For Dev Raiyani, an Indian GenZ digital content creator based in the US, Facebook was the first social media app he ever used, but he grew out of it slowly as TikTok and Instagram came into the picture. He found it more easily accessible and usable. He said that more focus on artificial intelligence (AI) can get Facebook more attention from young users.

“I wouldn’t lie, Facebook is perceived as a ‘boomer network’ by young people. But the switch to Meta really changed my perspective on it. Our generation is super into cryptocurrency, NFTs [non-fungible tokens], games and seeking all those in the metaverse is amazing,” says Raiyani.

Urjita Wani, a 23-year-old comedian and script writer based in Mumbai, spends three to four hours a day on Instagram and uses Facebook once in a blue moon. She describes her relationship with Facebook as, “It has become like my house’s door now; doesn’t get too many visitors and I can only answer it when it rings.”

“As a comedian with a public profile on Instagram, I don't think I can really control who checks out my content. But I joined Instagram when it had launched because it was a new, interesting platform. And back then, I had the mental space and time to try out new social platforms unlike now (sorry, Clubhouse). Of course, one of the many reasons why I stopped using Facebook was because my relatives would inundate my feed with their likes, comments and tags. Also, I didn't want them to pry into my social life,” shares Wani.

The only way, Wani says, Facebook will entice her back into the platform is if it recognises Instagram's shortcomings and updates itself accordingly.

Digital advertising agency SoCheers’ founder and director of operations, Siddharth Devnani, also said he prefers Instagram because he can be “edgy there.” To woo young consumers, Devnani said, the platform will have to change its perception.

“I am a grown up and I still try to be much more parent-friendly on Facebook than on Instagram. That’s how the platform is positioned. Even if my parents follow me on Instagram, I would be okay to do a little edgier stuff on Instagram than on Facebook. But it is not like Instagram is the answer. Your content depends on your network; who is going to see it. Teenagers do much edgier stuff on Snapchat too. Facebook has also struggled with misinformation campaigns, it is pretty heavy on news and religious content is higher there -- and that perception is going to be very hard to break,” Devnani says.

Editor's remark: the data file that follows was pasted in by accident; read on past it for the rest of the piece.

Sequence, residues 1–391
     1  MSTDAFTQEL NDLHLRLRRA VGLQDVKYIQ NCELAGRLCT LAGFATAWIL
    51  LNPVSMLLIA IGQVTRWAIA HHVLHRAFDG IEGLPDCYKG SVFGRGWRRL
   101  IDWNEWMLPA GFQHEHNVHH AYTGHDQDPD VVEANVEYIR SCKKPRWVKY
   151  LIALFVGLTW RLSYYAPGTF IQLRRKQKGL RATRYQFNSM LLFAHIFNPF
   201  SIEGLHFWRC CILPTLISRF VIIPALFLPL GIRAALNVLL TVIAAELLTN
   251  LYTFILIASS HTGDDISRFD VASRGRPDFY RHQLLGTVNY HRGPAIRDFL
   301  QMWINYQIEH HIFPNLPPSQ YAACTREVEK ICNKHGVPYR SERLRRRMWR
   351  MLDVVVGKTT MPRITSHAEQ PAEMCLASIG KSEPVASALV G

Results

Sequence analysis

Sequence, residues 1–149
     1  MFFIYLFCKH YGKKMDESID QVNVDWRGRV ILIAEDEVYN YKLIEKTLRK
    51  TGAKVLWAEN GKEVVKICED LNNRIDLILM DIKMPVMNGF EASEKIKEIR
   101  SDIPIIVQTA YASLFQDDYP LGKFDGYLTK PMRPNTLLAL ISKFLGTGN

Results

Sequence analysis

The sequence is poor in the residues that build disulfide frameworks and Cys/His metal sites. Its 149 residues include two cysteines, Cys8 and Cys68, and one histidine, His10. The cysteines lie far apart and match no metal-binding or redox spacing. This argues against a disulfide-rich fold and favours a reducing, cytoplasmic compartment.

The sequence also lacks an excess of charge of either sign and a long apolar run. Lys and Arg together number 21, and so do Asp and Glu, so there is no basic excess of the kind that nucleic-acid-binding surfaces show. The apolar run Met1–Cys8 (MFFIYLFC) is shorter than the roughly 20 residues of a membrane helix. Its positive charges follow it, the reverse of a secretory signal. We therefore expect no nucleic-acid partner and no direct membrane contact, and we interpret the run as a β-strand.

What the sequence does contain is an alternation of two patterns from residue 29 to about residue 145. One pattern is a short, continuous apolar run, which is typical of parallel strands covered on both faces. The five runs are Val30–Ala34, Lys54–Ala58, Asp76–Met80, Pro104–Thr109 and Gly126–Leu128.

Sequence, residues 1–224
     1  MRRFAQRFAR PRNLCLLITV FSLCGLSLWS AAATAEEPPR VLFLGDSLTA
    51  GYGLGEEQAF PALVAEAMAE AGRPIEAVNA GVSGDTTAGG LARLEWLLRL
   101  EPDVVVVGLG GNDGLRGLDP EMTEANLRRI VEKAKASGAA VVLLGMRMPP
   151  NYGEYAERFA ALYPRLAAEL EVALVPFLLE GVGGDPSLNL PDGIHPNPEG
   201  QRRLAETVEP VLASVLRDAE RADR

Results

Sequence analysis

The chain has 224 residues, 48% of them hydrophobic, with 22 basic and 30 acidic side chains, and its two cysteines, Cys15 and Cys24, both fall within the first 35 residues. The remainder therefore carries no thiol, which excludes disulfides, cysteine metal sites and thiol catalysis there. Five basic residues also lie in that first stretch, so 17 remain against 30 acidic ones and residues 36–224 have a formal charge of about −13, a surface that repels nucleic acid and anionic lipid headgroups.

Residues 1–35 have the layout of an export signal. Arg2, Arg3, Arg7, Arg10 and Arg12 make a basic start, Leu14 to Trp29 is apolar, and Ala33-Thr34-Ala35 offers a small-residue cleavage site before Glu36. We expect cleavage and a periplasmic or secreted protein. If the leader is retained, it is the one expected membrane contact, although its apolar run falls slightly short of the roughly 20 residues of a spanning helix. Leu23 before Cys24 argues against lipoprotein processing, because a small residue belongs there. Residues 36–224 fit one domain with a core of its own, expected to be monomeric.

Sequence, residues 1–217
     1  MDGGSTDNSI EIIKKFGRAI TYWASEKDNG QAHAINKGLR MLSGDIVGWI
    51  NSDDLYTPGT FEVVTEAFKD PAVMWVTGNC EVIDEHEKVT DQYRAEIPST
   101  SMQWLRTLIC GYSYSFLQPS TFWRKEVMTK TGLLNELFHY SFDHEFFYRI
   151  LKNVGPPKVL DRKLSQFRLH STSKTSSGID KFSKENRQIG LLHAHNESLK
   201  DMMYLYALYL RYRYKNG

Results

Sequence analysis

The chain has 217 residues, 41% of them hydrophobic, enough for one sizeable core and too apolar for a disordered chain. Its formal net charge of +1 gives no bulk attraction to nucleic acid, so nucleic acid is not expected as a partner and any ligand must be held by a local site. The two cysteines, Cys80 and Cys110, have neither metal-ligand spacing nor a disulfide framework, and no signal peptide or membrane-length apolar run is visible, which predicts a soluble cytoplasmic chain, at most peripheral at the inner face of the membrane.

“Facebook will not see a revival, regardless of what Meta throws at it, inspired by Instagram,” says Karthik Srinivasan, a social media expert and communications consultant. “I don't think teens or GenZ may be going to what Meta believes is the next-big-thing. To some extent, Meta has already lost the perception war to TikTok. To some extent, I feel Meta may have internalised this too given how much more Instagram is now like Facebook in terms of traction among the most important user base. I also think that Meta has been consistently making future-looking bets to manage the dwindling interest in the social products it launches – Instagram was a hedge against Facebook, and Metaverse is a hedge against Instagram, and so on.”

The reason why he thinks the older audience is still on Facebook is because of familiarity and ease of use. “I believe Gen-X and Boomers are using Facebook (as also WhatsApp) more out of habit than any conscious interest. This is because all the people they know and interact with frequently are on those platforms. If another platform brings people together and gains traction (the way TikTok did in the US), the GenX may still stay on their Facebooks [sic] because of their friend circle. But this won't be seen as growth by Meta that constantly wants the younger bunch to actively use their platforms and buy things through them.”

Following the publication of internal documents, Facebook has been weathering a series of scandals and has been working on fixing its brand image. By the time it fixes its loopholes, there will be another social media app in the market that GenZ will declare as its new ‘low waist jeans.’